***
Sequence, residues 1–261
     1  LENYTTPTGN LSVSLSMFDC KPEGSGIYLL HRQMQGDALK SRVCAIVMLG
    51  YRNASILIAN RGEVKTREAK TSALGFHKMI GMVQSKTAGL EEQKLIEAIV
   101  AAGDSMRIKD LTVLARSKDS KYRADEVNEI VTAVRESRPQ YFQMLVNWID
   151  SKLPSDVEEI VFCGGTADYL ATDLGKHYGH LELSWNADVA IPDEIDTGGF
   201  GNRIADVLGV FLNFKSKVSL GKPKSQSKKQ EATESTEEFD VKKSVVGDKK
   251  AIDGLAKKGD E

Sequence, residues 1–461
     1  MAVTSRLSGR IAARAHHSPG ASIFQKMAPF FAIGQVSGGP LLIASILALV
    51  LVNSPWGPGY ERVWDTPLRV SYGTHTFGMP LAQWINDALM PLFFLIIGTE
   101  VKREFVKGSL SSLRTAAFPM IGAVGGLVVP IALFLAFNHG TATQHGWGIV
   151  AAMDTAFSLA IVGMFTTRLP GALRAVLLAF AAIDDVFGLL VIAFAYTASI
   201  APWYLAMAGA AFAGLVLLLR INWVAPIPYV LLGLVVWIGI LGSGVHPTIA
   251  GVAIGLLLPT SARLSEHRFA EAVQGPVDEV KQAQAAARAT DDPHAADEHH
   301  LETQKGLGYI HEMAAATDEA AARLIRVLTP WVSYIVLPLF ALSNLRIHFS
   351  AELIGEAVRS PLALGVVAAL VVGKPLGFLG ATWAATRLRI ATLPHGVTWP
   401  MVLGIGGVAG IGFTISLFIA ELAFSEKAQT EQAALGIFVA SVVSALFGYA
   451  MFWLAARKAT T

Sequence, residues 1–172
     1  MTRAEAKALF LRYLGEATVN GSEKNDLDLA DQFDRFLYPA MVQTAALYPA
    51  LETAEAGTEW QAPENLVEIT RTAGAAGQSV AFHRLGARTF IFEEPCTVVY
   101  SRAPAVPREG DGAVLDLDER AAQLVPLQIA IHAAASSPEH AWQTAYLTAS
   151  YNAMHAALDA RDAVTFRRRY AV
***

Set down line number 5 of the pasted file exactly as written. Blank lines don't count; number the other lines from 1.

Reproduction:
   151  SKLPSDVEEI VFCGGTADYL ATDLGKHYGH LELSWNADVA IPDEIDTGGF